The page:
28-29 November 2014
It is easy to forget how big Kyoto is and how many places of interest there are. Fushimi Inari (god of rice) Taisha shrine at the base of Mt Inari caught my eyes. The walk up the mountain leads you to many smaller shrines. The main shrine structure was built in 1499. The fox statues that greets visitors at the main gate reflects how the fox (like the deer in Nara) are seen as messengers. The fox with the rice granary in their mouths indicates that you are visiting an Inari shrine.
It is unfair how the good-tempered fox is seen as a cunning and sly animal or a home wrecker (Chinese culture). They are smart animals and make great pets (if only I have one). The fox spirits at Inari have great supernatural significance and entire shrines are dedicated to them. I saw an old man praying at a shrine filled with fox statues and then he placed a dish of fried tofu. He saw me, smiled and pointed to the fox statues. He laughed and said “Kitsune”- a very unique and healthy offering.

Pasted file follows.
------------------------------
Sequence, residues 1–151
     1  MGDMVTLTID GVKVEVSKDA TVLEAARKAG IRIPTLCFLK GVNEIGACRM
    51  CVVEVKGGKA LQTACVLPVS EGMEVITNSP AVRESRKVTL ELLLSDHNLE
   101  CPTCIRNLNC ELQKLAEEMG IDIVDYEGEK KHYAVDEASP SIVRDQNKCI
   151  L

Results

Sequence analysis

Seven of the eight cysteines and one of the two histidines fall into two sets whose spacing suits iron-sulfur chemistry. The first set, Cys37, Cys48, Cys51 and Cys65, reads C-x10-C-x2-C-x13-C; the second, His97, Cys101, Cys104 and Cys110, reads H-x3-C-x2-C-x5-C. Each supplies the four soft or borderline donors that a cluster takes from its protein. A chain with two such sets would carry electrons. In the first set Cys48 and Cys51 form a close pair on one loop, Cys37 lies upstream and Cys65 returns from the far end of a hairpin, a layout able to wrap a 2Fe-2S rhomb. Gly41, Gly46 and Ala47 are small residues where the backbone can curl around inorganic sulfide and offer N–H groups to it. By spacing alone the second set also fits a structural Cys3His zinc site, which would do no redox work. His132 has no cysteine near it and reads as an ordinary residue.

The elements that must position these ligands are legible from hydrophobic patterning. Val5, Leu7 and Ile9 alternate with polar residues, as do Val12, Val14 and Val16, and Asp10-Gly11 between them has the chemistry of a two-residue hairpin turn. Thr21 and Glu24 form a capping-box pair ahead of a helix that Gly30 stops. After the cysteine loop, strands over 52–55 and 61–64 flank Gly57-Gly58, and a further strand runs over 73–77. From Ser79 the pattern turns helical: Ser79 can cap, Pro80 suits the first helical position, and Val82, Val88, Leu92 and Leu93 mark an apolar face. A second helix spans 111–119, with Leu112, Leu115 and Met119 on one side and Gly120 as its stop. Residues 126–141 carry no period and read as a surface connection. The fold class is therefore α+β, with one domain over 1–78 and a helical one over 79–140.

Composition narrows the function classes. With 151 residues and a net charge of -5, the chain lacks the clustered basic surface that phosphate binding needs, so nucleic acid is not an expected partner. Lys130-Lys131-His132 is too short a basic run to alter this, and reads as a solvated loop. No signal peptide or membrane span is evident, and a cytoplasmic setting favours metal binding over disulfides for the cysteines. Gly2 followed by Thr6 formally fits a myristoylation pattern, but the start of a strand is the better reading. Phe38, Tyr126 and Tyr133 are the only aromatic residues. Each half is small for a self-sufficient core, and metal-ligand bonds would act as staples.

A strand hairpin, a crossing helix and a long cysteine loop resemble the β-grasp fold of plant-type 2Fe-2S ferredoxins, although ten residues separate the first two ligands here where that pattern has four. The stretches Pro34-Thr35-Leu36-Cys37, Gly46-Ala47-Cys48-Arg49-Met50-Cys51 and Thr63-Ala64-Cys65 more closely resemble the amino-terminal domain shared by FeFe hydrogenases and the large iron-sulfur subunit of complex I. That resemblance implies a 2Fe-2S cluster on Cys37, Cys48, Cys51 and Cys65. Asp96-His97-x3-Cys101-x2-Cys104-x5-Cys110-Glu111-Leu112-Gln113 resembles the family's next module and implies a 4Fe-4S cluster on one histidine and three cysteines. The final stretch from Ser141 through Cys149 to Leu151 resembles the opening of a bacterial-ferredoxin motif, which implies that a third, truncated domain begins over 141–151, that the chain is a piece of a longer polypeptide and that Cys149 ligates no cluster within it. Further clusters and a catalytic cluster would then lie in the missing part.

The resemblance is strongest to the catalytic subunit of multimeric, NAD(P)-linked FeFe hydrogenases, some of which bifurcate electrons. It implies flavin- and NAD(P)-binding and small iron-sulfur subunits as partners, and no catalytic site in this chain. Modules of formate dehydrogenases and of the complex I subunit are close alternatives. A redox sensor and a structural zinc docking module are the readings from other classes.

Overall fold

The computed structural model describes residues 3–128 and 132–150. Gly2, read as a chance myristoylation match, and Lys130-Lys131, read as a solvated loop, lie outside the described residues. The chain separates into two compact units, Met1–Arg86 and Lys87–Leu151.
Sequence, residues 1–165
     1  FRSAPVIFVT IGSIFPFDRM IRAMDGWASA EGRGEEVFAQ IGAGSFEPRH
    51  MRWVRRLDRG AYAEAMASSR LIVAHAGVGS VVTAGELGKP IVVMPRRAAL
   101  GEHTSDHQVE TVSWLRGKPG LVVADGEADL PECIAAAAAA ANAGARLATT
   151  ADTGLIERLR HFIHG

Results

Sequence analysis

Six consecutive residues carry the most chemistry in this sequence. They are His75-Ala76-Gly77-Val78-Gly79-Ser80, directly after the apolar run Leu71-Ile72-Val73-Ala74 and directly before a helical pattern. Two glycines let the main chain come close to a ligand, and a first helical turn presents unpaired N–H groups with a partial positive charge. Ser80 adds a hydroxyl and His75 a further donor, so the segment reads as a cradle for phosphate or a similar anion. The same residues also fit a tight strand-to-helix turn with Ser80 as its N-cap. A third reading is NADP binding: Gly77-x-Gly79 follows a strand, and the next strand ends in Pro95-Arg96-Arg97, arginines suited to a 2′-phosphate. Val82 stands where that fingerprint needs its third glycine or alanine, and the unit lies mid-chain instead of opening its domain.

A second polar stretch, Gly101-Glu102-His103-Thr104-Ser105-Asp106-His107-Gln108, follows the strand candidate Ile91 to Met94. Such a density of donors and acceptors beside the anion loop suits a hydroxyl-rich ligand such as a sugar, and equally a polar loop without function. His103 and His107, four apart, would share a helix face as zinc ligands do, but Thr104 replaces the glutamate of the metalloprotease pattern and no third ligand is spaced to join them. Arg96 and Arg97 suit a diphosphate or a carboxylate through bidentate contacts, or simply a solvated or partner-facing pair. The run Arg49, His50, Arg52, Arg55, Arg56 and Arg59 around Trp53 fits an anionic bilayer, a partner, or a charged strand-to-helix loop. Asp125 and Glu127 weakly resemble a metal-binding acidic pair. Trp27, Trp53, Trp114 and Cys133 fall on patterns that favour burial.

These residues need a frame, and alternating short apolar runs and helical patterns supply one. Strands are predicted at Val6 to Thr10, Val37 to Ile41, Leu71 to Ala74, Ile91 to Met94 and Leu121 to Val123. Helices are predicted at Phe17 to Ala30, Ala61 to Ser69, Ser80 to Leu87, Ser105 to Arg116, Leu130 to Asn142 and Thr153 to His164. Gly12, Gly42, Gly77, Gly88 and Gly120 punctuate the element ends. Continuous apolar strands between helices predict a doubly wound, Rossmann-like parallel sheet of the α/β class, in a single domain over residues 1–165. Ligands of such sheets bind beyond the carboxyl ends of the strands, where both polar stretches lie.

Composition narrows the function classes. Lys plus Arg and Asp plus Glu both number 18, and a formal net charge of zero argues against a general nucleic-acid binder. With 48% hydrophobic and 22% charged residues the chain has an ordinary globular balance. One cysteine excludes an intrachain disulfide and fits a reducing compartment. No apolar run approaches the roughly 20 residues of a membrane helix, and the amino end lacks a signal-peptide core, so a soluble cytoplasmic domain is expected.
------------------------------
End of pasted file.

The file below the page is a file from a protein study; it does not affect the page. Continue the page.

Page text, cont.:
The foxes are all white which is a good omen. Like the Golden Pavilion, they have the power to ward off evil. They are also guardian spirits. According to beliefs, fox statues are able to dispel negative energy which is why the Fushimi Inari Shrine is scattered with them.
It felt good entering and leaving the Shrine through the vermilion torii gates. A very mystical place.
Arashiyama Bamboo Forest is on the list of “Places to see before you die.” CNN- you overrate things! It’s only a bamboo forest in the middle of a cute neighbourhood on the Western outskirts of Kyoto. It makes a nice relaxing stroll. I only stayed for a half a day since I was more interested in Ginkakuji Temple.
A Zen temple, it was established in 1482. It is popularly known the “Silver Pavilion” since the initial plan was to cover the exterior in silver foil. The Onin War halted all constructions and the plan to make it a silver temple never became a reality.
It was built to serve as a place of rest for the Shogun- a calming place to think while calamity continues outside the temple grounds.
The garden with a big pile of sand is said to symbolise Mt Fuji and like many shrines and temples in Kyoto, the outside perimeter consists of quirky shops, tea houses and other bits n’pieces- all worth a look.
I really like the clip showing the passing train- notice the two men? In neat uniforms, they waved and bowed to the approaching train. A very common and small detail reflects what the social atmosphere is like in a country. Unfortunately, this is something that my old country- China will never achieve…at least not in my lifetime.